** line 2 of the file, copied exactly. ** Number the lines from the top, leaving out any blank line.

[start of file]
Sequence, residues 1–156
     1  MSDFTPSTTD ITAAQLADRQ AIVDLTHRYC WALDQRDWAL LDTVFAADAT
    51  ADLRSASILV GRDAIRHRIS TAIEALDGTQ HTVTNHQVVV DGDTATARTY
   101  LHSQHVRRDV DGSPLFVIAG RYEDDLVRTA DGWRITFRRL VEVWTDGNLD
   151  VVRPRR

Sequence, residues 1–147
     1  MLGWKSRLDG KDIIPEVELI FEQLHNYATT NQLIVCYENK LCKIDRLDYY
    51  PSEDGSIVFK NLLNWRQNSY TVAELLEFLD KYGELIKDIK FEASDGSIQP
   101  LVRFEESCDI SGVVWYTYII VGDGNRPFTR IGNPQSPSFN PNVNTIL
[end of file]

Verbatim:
     1  MSDFTPSTTD ITAAQLADRQ AIVDLTHRYC WALDQRDWAL LDTVFAADAT